A lawful development certificate is normally issued by a local authority to prove that any development on local land has been done lawfully. This is not the same as planning permission but is proof that your building work is lawful. If planning permission has already been granted before a development has taken place and the development built in line with the planning permission granted then there is no need for such a certificate. Because this is generally the case, a lawful certificate is rarely needed.
However there are obviously exceptions to this rule. If someone is purchasing a property that does not have planning permission but they wish to develop the land then they may well want a certificate of lawful development before the purchase. They can also be useful if an extension has been built on a property that has not obtained the correct planning permission to do so. Instructing a solicitor to deal with these legal negotiations is paramount to save both time and financial risk.
So when would you need a Certificate?
The main reason for acquiring a certificate is that once you have it, no enforcement action can be taken over any planning permission breach that might occur. For example if the property that you were purchasing had always sold hot food and you wished to use it for the same commercial enterprise, you would not be able to continue in the same vein if the previous occupier had never had permission from the local authority to do so. Therefore you would be risking your investment. So as a buyer you can insist that the seller provides a certificate of lawfulness to prove the commercial viability of a building or piece of land.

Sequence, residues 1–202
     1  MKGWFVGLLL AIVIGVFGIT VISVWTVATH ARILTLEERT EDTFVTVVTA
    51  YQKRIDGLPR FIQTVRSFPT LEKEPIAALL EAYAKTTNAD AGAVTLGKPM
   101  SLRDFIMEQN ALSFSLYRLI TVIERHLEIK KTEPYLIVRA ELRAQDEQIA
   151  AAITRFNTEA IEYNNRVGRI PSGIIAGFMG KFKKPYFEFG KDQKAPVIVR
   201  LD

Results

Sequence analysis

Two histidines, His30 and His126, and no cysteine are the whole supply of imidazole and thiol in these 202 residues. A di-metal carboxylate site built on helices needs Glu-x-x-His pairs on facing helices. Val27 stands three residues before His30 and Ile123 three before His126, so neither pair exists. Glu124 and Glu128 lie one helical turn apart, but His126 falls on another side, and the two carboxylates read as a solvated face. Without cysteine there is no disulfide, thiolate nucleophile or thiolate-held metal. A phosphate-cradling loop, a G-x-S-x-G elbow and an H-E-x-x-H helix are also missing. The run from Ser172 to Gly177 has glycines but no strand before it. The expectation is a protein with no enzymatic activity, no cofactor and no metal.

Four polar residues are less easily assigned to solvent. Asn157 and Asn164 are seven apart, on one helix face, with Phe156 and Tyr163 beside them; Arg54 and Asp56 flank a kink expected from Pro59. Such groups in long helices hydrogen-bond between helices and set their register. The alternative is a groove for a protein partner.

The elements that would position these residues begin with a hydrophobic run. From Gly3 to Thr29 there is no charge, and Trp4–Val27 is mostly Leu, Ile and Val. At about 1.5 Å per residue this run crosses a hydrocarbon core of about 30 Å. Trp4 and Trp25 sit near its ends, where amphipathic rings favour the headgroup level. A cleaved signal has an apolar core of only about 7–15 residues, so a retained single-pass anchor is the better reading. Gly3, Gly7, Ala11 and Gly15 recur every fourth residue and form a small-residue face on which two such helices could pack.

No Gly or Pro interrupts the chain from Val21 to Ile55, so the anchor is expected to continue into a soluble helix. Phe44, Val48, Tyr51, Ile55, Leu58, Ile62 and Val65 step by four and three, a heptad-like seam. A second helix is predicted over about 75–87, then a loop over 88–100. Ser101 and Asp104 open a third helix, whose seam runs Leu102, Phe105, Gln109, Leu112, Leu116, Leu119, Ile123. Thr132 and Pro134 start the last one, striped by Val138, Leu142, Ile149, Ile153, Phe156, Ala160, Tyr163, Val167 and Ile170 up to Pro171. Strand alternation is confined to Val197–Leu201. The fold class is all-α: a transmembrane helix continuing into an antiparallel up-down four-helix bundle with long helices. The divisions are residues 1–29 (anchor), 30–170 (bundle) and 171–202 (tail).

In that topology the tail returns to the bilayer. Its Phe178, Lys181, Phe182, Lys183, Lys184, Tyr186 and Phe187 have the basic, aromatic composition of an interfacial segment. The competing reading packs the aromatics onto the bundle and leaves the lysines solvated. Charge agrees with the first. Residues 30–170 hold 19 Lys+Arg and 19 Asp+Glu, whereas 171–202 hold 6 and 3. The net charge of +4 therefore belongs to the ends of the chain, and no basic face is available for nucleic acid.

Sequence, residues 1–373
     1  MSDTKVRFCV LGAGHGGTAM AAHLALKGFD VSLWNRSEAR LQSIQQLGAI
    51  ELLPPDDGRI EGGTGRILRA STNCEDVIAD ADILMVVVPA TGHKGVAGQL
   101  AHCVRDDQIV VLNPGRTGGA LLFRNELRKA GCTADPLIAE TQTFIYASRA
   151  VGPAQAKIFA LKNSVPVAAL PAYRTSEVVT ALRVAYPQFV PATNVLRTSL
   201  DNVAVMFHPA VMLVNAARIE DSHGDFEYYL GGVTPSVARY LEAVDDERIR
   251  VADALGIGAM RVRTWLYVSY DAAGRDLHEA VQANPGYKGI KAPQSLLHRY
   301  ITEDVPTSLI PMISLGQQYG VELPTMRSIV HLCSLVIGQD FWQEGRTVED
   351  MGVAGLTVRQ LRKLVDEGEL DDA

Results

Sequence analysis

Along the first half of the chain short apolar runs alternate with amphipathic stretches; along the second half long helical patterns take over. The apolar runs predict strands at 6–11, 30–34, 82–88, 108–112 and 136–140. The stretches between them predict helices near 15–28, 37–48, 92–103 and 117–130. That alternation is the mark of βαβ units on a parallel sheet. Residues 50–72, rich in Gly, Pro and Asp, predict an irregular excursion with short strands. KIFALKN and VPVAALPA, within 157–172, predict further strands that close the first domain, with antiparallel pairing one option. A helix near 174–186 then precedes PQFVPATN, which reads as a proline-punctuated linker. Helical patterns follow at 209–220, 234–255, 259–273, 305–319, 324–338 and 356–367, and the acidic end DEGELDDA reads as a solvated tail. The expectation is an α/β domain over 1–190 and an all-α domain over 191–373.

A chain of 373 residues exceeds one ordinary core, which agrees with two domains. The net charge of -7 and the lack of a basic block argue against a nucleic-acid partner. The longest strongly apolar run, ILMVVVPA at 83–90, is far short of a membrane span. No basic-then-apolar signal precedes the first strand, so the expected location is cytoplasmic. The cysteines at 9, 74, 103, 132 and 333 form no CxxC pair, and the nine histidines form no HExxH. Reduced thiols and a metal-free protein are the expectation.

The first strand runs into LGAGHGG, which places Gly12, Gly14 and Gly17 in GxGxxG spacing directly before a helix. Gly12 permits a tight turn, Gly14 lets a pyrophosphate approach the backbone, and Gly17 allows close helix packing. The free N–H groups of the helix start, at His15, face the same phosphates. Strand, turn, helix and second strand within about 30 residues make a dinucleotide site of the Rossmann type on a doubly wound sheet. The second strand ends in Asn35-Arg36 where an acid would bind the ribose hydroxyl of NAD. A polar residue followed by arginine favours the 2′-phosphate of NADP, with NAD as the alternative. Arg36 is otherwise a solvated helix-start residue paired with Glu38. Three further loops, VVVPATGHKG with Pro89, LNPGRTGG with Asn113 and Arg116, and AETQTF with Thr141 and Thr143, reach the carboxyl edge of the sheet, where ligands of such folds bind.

Consequently a certificate of lawfulness is useful when either buying or selling any property. It provides an assurance to the buyer that enforcement proceedings will not be brought against them in relation to the particular issue that the certificate upholds. It is up to the buyer to make the final judgement call when it comes to the purchase, as they may well decide that it is a bad investment and far too risky.
It is also important to note that if the seller has been using the property for the wrong reason for five years or so then they will be unable to obtain a certificate of lawfulness. Local authorities have placed a ten year cap on breach of permission, which means that even if a property has been used unlawfully for over ten years they will not necessarily award a certificate of lawfulness, after all there may well be a very good reason as to why planning restrictions were put there in the first place. Whilst it should generally be possible to decide if a proposed project qualifies as permitted development there are inevitably going to be circumstances when this is less clear.
Harry Price is a writer who lives on the south coast. From his garden, he has amazing coastal views. He loves to take his laptop out there on a nice day and work. It’s the best office in the world!